Friday, July 3, 2009

Greg's Summer Classics Reading Program

Our modern lives sometimes feel lacking in the adventure department - or at least mine does. Don't get me wrong, I'm not complaining. And I certainly have plenty of drama - just not enough adventure, in the classic literary sense.

I've also become aware that, as a professional, I get jam-packed with reading from business books, blogs and magazines. And I'm in the midst of an intensive 21-month bible study program at church that involves 4-5 hours of study (I hate to call it homework) per week. When you throw bi-weekly Baseball America in there, there's not a lot of room for pure leisure reading.

So I decided to kill two birds with one stone by creating Greg's Summer Classics Reading Program. I kicked it off last May with 3 books that I'd never read, but now absolutely love. [I should point out at this juncture that I had failed in this experiment in the summer of 2007 by starting with Dostoevsky's Crime and Punishment. While I may one day share the common opinion that this book is a wonder, its density caused me to slowly grind to a halt somewhere around the 4th chapter. EPIC FAIL!] Anyway, the 3 books I tackled in the summer of 2008 were:

The Three Musketeers - Alexandre Dumas
The Scarlet Pimpernel - Baroness Orczy
The Count of Monte Cristo - Alexandre Dumas

I absolutely loved all 3 of these books . . . and incidentally, they helped me to understand Tom Sawyer and Huckleberry Finn a lot better. Tom had clearly read all three when he decided to break Jim out of prison! They're fast-paced, have great characters and twisty plots, and can be read while drinking a Manhattan on your porch [trust me, I can verify this fact].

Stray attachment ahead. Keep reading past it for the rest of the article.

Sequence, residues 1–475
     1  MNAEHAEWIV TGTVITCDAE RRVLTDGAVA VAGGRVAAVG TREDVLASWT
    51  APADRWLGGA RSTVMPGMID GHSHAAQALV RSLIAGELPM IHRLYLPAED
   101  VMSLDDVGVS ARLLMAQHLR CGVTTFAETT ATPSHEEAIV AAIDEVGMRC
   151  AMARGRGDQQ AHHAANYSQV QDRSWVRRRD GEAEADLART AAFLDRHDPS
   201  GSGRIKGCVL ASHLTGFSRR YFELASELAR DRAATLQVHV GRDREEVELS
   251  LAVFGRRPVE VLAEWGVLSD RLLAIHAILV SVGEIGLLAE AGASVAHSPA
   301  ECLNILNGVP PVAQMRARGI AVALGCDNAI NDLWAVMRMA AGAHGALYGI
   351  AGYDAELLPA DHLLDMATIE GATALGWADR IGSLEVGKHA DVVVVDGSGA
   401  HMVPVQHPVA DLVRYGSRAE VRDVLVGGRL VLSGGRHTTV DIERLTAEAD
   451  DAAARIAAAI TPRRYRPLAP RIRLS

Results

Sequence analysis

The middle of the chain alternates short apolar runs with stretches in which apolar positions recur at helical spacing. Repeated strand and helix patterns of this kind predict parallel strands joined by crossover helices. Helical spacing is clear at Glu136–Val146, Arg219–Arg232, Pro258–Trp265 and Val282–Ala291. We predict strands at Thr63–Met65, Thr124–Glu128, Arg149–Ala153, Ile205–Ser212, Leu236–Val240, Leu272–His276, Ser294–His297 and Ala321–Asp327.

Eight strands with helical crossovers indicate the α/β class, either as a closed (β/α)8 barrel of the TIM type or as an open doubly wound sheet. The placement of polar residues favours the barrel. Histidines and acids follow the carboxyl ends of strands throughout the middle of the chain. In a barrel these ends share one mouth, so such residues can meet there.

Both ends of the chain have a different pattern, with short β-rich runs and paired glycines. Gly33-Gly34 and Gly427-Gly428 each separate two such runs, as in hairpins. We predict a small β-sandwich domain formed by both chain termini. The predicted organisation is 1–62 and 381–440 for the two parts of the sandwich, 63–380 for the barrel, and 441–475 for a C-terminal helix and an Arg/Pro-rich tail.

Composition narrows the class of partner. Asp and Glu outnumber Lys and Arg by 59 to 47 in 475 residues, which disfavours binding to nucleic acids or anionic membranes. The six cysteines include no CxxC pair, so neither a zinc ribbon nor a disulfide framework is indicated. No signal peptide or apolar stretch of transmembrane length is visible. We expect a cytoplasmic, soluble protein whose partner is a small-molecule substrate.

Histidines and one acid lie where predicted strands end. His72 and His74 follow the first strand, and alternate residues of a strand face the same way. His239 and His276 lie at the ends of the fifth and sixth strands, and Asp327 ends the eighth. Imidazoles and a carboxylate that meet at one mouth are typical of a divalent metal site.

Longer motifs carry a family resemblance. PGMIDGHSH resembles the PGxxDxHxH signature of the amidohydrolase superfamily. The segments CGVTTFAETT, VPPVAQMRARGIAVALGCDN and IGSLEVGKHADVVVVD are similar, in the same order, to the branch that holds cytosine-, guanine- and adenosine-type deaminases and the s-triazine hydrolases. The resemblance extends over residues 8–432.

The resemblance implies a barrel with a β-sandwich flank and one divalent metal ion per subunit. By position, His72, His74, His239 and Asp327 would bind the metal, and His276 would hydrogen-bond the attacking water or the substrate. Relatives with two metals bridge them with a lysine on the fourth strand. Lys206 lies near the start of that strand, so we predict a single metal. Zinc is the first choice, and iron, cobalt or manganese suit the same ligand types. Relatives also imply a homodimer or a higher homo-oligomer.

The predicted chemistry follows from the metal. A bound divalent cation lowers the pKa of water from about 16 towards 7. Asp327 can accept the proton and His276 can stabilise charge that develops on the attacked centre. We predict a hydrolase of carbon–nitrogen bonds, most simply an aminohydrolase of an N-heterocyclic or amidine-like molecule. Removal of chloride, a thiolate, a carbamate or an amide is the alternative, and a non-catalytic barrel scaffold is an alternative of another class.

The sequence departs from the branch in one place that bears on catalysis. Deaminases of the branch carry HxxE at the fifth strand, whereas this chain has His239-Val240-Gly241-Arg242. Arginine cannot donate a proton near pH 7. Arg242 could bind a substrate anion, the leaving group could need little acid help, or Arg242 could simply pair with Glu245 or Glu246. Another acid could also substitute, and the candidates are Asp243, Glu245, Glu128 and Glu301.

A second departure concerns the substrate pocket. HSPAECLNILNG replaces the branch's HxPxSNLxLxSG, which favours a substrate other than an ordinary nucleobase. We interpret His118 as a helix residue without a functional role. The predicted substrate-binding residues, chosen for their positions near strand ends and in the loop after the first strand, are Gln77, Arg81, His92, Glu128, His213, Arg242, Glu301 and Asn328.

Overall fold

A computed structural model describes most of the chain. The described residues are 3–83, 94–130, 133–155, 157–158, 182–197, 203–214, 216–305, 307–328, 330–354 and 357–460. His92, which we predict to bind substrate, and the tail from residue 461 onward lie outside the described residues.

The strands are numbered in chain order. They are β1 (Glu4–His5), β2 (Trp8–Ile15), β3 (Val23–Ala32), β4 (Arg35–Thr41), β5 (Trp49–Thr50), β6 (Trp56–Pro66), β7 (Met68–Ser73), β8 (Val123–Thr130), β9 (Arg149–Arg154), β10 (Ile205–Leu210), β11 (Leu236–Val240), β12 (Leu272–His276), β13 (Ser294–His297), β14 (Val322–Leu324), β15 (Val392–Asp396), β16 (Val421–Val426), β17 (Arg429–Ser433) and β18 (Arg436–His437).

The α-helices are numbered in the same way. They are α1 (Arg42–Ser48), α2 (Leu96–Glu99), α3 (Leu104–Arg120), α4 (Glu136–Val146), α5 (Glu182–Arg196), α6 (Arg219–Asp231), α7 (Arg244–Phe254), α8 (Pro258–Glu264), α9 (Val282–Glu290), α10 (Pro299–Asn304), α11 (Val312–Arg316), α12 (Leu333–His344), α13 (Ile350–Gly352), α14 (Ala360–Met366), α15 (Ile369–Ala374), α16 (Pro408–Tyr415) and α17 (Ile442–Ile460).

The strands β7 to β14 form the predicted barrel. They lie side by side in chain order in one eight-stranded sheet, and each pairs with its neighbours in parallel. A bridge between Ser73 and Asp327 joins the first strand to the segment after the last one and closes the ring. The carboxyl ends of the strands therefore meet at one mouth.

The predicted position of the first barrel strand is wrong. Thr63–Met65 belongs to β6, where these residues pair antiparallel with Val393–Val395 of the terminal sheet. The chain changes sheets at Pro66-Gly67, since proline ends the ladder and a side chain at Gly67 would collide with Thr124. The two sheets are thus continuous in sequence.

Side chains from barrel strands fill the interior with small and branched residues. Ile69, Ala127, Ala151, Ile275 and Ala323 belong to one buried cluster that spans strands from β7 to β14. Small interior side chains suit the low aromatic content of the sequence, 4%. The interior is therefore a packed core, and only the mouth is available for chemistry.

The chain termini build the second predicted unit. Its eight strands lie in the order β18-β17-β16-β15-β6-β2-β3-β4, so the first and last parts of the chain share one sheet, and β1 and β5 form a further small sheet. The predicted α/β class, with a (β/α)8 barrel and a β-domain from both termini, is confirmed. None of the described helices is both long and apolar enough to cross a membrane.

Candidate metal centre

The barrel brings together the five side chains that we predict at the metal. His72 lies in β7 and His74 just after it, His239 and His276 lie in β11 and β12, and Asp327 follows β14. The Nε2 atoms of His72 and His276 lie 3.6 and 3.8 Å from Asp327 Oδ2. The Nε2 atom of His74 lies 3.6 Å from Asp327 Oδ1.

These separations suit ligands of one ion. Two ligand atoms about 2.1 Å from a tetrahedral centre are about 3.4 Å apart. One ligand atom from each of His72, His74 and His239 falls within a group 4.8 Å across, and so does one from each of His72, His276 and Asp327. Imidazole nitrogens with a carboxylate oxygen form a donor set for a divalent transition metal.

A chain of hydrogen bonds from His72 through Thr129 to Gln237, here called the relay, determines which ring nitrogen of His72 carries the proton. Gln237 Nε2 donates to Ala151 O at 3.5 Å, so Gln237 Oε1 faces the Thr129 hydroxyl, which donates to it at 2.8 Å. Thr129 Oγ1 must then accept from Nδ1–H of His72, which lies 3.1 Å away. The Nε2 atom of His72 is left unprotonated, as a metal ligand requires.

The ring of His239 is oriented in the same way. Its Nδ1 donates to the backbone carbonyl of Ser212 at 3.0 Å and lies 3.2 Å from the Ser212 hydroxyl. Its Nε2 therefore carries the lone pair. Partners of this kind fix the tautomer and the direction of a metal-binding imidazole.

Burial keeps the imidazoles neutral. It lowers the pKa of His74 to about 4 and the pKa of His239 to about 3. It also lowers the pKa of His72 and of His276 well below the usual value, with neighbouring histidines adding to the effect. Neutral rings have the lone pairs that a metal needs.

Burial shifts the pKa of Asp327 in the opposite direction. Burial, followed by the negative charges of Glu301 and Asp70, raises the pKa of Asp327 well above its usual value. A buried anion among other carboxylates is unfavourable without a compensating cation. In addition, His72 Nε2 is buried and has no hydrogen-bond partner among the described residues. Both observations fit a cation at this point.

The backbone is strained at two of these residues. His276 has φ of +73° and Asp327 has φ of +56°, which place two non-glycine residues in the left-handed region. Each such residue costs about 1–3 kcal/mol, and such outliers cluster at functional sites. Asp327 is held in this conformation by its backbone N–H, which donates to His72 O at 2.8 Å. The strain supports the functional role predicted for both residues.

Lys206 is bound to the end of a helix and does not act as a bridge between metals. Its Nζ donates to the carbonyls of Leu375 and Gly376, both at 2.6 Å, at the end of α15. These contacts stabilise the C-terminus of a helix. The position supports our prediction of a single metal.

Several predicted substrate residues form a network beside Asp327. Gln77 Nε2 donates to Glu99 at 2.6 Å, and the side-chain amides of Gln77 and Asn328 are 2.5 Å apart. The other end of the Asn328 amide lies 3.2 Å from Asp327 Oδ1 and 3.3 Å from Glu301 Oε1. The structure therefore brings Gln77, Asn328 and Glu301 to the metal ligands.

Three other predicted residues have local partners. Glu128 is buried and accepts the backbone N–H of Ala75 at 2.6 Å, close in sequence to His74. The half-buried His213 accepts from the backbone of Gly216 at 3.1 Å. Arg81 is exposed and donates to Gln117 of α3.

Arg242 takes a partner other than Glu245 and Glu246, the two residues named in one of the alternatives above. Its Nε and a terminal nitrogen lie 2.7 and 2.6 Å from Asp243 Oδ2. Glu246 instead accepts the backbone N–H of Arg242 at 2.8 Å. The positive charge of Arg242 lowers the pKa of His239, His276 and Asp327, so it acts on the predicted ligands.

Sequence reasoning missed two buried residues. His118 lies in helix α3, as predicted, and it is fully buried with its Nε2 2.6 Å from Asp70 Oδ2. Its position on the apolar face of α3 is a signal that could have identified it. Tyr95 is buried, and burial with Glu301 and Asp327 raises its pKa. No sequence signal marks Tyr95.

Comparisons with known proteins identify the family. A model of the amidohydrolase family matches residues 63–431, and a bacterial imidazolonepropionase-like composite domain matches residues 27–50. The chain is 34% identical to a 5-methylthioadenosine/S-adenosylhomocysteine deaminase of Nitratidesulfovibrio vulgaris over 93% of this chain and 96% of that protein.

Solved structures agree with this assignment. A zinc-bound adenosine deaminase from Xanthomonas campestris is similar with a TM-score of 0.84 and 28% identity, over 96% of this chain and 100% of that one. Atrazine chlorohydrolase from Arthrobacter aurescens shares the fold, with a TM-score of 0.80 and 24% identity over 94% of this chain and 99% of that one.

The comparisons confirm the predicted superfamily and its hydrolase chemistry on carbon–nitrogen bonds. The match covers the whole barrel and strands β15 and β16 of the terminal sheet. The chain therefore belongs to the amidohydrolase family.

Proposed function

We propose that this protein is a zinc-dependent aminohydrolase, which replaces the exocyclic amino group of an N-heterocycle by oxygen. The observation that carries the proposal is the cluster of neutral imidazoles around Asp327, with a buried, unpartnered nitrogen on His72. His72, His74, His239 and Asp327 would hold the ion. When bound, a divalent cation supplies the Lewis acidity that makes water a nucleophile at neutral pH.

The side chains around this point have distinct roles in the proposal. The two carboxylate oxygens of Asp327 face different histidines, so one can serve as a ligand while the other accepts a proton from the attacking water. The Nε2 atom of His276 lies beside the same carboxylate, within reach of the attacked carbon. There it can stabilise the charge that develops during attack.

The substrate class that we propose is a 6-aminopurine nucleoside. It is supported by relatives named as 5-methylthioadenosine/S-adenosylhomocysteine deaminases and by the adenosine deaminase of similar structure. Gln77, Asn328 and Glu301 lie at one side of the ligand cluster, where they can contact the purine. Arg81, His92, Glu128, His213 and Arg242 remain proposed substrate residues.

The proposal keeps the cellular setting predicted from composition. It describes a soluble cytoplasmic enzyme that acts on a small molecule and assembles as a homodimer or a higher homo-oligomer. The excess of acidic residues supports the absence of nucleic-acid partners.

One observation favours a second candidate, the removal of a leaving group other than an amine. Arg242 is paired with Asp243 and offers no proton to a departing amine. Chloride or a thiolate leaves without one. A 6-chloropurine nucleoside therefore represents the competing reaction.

The program was such a success last summer that I decided to give it another shot. My 3 selections for this summer are (DRUM ROLL):

Cyrano de Bergerac - Edmond Rostand
The Last of the Mohicans - James Fenimore Cooper
Dracula - Bram Stoker

I'm halfway through Cyrano, and am loving it. Cyrano's character is brilliant (in fact, one of his oratories will be the subject of an upcoming blog post at

What books are YOU reading this summer? What adventure classics do I need to add to my list? Your comments are welcome . . .

1 comment:

  1. hi, greg. i have to admit that i'm not always one for rereading the classics. my 21st century mindset gets in the way, making me want to throttle anna karenina and madame bovary. however, i'd *always* recommend any works of shakespeare. a recent read that still has a hold on me is cormac mccarthy's, "the road." i have many more books i'd recommend if you're looking beyond the classics.

    happy reading,